We started taking astronomical images in the parking lot in front of Kennon Observatory in the Fall of 2002. We used an old SBIG ST-7 CCD camera mounted on a Meade 12-inch telescope.
The first results were quite disappointing. The telescope would not track correctly for more than 15 seconds; the focal reducer severely vignetted the field at f/3.3. Setting up for work took an hour and a half, and this alone strained the patience of studens.
Ever since then, we made step-by-step improvement in both equipement, software, and our knowledge of the many little tricks. We removed the office from the gap under the little dome, which dramatically improved seeing. Just imagine, having to work in a dome while someone else is running a heater two floors below you. The dome used to act as a chimney, and stars were shaking like crazy in the telescope.
We installed air conditioning, and now we keep the dome's temperature as low as the expected ambient tempeture of the coming night. We still have bad seeing (something like 2 as), but this is certainly an improvement.
In 2004, we purchased and installed SBIG's so-called AO7 adaptive optics device - a little tiltable mirror that purportedly corrects for seeing. In fact, it works as a wornderful automatic guider; we could switch to an optically reasonable f/6, and could afford as long exposures as 20 minutes without interruption. We took many pretty images oof deep-sky objects with this setup.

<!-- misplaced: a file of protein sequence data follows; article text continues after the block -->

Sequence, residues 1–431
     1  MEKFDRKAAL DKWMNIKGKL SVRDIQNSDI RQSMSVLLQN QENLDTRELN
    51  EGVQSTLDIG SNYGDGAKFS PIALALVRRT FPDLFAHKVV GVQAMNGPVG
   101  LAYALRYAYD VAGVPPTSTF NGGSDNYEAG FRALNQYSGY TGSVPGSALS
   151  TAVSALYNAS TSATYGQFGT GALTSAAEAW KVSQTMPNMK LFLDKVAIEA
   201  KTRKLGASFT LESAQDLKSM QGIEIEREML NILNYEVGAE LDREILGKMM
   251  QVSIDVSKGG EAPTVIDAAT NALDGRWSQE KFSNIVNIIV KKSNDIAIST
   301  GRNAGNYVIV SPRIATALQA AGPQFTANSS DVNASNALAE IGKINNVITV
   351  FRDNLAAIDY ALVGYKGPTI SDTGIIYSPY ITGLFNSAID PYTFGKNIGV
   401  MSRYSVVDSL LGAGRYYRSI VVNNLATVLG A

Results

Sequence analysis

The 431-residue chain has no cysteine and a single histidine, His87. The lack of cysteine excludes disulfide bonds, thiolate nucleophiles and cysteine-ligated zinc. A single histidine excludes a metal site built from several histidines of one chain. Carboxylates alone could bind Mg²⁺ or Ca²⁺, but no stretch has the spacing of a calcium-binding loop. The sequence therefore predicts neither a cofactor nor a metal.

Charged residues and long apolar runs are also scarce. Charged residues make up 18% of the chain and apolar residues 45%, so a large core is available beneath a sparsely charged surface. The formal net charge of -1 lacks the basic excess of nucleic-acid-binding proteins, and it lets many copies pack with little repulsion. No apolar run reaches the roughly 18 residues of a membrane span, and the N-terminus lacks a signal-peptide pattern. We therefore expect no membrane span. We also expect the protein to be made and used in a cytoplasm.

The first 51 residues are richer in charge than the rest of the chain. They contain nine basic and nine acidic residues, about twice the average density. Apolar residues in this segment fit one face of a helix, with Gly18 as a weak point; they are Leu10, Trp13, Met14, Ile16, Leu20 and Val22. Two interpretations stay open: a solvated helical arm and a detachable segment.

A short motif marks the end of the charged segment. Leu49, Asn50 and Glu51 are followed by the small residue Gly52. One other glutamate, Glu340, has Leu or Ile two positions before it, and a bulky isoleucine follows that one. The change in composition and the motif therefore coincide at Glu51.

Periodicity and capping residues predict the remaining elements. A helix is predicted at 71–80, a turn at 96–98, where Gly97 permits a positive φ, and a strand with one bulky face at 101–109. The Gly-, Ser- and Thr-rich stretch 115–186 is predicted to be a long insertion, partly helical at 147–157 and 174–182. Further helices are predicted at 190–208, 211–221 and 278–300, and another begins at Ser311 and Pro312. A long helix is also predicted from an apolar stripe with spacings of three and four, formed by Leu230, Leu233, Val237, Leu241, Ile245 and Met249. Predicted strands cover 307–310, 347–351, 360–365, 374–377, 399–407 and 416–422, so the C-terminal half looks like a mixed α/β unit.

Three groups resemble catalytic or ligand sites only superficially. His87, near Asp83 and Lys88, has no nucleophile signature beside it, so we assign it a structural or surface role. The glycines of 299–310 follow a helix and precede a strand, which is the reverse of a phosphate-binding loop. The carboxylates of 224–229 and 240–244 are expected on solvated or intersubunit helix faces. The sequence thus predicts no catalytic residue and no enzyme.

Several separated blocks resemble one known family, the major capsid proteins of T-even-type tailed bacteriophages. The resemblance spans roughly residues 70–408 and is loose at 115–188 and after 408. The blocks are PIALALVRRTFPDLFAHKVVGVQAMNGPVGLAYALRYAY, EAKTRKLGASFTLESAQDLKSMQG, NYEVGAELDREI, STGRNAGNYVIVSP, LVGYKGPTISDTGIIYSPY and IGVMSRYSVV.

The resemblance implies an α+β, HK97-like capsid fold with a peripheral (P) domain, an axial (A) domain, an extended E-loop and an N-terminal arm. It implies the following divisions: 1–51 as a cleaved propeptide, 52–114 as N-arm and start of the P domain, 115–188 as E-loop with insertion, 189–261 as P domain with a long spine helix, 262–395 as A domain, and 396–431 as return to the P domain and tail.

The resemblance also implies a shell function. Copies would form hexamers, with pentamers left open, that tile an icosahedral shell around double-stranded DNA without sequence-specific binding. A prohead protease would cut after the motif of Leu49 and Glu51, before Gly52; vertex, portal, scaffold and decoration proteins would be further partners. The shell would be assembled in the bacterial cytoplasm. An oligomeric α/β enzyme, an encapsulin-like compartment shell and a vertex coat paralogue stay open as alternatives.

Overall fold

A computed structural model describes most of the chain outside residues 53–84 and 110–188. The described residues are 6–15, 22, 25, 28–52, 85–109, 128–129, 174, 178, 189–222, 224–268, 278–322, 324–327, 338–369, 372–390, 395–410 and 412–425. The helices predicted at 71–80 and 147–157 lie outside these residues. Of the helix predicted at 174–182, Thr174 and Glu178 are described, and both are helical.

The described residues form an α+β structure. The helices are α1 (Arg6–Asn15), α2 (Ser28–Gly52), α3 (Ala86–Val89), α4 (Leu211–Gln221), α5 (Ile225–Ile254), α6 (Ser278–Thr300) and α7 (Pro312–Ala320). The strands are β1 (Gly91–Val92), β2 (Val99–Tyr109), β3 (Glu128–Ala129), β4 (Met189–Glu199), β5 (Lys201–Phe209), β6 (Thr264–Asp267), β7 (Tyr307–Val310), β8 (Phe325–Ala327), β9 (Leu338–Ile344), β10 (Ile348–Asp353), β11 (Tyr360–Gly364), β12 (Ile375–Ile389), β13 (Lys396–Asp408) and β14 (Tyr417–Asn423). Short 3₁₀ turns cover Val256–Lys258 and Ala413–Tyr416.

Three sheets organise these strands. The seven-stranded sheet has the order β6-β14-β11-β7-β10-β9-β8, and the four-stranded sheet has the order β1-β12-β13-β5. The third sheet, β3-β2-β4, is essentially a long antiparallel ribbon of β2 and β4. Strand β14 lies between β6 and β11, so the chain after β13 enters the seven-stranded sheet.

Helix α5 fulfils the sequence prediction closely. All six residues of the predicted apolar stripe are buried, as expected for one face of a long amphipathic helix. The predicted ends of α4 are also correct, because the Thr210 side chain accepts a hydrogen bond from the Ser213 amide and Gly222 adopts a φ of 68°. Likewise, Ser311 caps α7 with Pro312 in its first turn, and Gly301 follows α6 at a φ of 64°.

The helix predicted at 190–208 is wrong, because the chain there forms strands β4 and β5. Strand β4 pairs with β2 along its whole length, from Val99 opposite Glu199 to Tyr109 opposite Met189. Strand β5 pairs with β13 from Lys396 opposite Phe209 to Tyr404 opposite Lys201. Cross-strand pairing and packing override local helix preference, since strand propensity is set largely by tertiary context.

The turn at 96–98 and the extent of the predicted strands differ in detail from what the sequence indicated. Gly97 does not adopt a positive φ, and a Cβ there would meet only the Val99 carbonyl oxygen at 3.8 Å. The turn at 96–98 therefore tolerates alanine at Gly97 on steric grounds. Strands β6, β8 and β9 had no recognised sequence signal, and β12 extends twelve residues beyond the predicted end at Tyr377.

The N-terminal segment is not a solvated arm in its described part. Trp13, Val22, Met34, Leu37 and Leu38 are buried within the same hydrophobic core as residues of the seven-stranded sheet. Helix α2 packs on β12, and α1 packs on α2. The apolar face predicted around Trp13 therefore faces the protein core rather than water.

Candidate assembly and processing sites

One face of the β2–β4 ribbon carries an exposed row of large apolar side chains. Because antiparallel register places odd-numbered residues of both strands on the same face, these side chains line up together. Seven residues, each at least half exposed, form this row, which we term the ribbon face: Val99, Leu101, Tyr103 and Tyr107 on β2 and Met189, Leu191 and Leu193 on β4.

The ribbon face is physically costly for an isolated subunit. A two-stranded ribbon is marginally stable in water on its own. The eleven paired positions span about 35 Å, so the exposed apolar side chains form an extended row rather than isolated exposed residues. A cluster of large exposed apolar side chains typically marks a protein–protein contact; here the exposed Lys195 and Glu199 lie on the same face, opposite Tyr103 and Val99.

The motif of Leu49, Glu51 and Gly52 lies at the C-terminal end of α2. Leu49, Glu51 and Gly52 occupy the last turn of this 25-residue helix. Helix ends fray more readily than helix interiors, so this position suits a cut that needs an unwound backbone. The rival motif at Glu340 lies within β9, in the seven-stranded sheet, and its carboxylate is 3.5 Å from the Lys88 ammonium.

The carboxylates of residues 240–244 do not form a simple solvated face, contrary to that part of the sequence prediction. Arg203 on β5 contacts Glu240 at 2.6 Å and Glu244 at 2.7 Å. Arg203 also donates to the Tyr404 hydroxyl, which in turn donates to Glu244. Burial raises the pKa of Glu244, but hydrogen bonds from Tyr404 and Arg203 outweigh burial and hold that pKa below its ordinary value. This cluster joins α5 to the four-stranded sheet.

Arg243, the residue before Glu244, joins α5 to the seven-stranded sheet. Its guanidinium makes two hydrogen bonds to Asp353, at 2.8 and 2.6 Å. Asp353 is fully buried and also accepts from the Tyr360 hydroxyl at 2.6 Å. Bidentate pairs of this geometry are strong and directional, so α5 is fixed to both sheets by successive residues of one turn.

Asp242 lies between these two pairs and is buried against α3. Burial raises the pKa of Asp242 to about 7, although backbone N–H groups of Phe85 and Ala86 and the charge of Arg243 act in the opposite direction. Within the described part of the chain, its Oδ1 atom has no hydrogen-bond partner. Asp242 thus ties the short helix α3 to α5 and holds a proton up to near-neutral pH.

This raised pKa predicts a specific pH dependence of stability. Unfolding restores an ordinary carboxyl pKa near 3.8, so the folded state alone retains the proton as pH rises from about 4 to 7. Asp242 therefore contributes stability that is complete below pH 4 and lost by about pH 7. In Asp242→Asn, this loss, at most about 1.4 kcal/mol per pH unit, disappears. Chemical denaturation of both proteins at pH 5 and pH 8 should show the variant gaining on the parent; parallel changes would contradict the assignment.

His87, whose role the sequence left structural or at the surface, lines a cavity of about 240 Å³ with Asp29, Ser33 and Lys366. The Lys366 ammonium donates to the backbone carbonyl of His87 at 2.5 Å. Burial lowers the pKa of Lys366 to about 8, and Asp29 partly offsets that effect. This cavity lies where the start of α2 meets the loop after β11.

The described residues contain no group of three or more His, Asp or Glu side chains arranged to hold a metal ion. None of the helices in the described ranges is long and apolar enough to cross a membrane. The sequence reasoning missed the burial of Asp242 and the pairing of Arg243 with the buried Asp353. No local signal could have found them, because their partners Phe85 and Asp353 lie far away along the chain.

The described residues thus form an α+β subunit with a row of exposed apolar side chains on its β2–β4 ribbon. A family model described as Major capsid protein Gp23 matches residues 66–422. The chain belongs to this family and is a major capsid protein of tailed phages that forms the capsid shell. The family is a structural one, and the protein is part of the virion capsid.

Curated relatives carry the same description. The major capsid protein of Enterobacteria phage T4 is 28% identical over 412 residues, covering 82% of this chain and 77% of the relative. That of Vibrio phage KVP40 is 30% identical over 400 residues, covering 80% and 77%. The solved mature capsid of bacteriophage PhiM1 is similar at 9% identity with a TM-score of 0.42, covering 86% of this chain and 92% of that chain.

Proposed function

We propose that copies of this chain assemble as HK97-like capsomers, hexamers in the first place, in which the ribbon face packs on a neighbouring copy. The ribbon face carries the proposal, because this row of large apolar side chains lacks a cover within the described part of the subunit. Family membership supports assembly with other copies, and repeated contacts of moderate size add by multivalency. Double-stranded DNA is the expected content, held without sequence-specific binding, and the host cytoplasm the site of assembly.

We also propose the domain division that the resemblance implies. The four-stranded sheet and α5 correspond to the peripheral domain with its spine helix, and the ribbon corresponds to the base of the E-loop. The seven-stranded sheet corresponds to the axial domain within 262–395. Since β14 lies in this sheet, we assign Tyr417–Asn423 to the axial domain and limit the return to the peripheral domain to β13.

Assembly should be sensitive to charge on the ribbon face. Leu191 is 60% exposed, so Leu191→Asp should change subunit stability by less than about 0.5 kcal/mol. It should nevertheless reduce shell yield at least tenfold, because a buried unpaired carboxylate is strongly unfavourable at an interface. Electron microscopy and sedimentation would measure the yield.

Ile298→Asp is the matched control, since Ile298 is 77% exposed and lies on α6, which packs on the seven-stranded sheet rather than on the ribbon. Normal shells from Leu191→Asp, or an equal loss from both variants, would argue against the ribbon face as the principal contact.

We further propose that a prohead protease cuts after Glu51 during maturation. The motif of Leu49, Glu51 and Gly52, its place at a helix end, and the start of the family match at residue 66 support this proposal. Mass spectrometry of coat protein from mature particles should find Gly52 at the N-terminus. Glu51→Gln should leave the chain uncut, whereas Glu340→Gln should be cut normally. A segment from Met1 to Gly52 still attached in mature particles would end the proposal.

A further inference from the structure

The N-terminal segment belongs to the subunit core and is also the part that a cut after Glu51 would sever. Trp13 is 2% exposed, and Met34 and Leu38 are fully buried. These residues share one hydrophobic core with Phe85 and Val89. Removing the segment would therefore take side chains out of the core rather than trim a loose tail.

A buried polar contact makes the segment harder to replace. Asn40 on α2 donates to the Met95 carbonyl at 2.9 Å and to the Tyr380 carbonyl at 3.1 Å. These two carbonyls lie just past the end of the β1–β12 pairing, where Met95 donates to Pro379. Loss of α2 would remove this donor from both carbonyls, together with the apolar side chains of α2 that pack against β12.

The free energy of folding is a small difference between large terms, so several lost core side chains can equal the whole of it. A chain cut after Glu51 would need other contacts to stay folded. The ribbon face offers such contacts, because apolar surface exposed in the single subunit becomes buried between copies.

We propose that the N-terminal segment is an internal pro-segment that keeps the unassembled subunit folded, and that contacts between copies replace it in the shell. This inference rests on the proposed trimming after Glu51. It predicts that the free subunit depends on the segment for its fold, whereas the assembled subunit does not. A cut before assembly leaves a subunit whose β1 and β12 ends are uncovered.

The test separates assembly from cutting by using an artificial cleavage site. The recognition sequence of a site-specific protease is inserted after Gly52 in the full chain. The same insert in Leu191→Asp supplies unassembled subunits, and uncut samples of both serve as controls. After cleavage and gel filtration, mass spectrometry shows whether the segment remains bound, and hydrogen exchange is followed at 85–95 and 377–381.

In the same year , we started an honors section in astronomy, and made astronomical image taking part of that laboratory. While everyone was ertainly impressed by some of the colorful pretty pictures we produced, we also found increased support for further technical improvement.
A great step towards professional quality work was the purchase of a Paramount ME mount and of an ST-10 camera in 2007. Not having the funds available to buy a good quality telescope as well, we installed the old Meade 12-inch Schmidt-Cassegrain on the now state-of-the-art mount. With a decent quality focal reducer we work at f/5.7 now, and the field is 20' x 30'. Indeed, this setup puts as large a field on the CCD as the scope can image at all, at full resolution.
At this point we take more than ten pretty pictures a semester; our total exposure times can be as long as five hours. We can occasionally detect stars down to 20 magnitudes; some of the galaxies and nebulae look quite spectacular on our student picutes.
As to future planes, investigations are underway to battle the "bottleneck": star sizes on long exposure images are still 3-4 arc seconds, too large. A new, 17-inch telescope is about to be purchased, which is supposed to make a great difference.